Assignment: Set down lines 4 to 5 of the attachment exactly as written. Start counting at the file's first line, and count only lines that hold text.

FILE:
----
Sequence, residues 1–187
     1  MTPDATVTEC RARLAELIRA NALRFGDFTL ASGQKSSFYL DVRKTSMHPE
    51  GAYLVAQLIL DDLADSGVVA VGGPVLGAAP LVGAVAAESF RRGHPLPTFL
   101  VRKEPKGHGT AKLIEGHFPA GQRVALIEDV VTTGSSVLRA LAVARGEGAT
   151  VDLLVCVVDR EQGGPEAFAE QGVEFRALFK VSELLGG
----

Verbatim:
   101  VRKEPKGHGT AKLIEGHFPA GQRVALIEDV VTTGSSVLRA LAVARGEGAT
   151  VDLLVCVVDR EQGGPEAFAE QGVEFRALFK VSELLGG